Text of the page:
Three years ago, Paul Metsa took a lifetime of playing music, and the experience of growing up on the Iron Range, and turned it into a book, Blue Guitar Highway.
Metsa's Americana music finds a new venue this weekend, when he premieres a theatrical version of the book at the Phoenix Theatre in Minneapolis.
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Debuting at the old Brave New Workshop location is especially sweet for Metsa. "My first job when I moved to Minneapolis was taking tickets at the old ETC theater," he says.
Taking the book to the stage was "really kind of an outgrowth of readings I have done at bookstores over the three years [since the book was published]," Metsa says. "I would just read and play."
Eventually, Metsa began exploring taking the next step with the material, and talked with friend John Clark Donahue about adapting it to the stage. While the veteran theater director was able to help, he was unable to work with Metsa through the entire process.
Enter Jim Stowell, a veteran actor, director, and writer -- including co-writing the book for the first Church Basement Ladies production -- who joined Metsa to hammer the material into a show.
"I'm the time keeper. 'This takes this long and we have this long.' It's built out of the structure of the book, from when he is a kid to pretty much the present day," Stowell says.
Of course, Metsa has a lifetime of experience with the stories. "It's like getting 10 pounds into a five-pound bag," Stowell says.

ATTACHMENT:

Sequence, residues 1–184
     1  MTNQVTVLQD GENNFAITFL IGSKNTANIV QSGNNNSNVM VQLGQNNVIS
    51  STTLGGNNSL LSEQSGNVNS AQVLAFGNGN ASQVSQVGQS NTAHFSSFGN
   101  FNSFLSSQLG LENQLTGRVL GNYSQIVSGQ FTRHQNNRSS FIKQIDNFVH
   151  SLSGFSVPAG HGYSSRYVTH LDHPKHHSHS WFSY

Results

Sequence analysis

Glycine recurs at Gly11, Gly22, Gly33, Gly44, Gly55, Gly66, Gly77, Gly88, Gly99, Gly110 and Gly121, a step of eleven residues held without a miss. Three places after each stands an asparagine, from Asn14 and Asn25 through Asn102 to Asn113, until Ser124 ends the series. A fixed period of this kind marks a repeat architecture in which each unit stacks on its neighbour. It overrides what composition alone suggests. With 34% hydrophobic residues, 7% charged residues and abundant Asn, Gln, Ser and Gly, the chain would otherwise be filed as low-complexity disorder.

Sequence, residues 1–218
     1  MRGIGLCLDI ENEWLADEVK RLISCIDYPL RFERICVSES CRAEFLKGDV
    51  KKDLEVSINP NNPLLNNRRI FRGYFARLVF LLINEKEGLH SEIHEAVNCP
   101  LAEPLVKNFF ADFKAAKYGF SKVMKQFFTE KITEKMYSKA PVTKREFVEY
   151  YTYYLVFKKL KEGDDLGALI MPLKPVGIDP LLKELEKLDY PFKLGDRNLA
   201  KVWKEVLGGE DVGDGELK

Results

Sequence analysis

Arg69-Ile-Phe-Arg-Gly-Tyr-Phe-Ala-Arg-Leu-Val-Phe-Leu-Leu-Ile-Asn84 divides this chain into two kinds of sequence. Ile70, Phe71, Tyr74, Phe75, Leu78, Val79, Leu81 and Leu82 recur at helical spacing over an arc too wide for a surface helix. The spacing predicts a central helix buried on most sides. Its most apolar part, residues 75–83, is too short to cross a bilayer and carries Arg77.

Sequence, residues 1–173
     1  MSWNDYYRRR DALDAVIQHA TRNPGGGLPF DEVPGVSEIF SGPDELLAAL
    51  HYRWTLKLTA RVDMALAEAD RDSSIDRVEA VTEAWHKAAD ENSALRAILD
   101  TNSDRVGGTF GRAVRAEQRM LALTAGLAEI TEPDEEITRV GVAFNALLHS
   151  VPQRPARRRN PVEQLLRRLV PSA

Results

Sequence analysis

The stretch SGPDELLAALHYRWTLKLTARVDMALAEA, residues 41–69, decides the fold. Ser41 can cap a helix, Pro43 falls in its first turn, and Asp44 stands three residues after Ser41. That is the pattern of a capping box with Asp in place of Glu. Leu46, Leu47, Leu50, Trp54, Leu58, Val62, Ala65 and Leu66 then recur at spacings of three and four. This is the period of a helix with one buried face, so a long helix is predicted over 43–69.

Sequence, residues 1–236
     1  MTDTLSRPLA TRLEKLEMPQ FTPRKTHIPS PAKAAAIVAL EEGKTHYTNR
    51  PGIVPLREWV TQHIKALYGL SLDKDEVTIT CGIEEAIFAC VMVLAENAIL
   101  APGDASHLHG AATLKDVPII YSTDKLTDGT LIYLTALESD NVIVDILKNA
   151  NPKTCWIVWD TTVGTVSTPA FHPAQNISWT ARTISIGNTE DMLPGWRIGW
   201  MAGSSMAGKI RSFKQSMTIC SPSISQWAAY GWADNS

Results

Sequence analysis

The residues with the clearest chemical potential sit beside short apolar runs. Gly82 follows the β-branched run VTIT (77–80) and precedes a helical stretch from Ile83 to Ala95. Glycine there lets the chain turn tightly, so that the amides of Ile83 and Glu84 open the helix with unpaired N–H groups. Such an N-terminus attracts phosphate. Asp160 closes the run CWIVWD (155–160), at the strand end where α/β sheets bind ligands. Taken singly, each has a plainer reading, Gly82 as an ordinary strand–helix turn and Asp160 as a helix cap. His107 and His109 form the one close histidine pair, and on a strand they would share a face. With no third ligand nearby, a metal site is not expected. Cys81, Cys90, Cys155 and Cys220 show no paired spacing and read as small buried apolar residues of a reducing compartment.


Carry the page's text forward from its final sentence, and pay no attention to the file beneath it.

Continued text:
Metsa compares working with Stowell to the various producers he has worked with through the years. The director has helped to mold the ideas into a coherent evening.
"The play is revealing itself as we go along. One of the threads is my relationship with my father. I'm not pulling any punches. It's not Father Knows Best, but it is still a bit of a love letter to my mother and my father," Metsa says.
Metsa's career has taken him to thousands of gigs over the past 35 years, not to mention a string of albums infused with rock, blues, and folk. He's shared the stage with famous folks (including Pete Seeger and Bruce Springsteen) while delving into his own signature musical style.
The book emerged from years of writing and gigging. Metsa decided to mold that material into a look at his personal and performing life. He eventually found a home with the University of Minnesota Press. Metsa was pleased not just to have the work published, but by "the same university that I had dropped out of because they wouldn't let me join the music department."
Metsa is looking forward to his two-night stand at the Phoenix, and hopes to eventually take the work on the road. For the time being, "the most exciting thing for me is to have an audience without pool tables, or fights, or anyone driving their Harley into the bar," he says. "I hope to have a freewheeling experience between the audience and myself."
IF YOU GO:
Blue Guitar Highway 8 p.m. Friday and Saturday Phoenix Theater 2605 Hennepin Ave., Minneapolis $15-$20 For tickets and more information, call 612-377-2285 or visit online.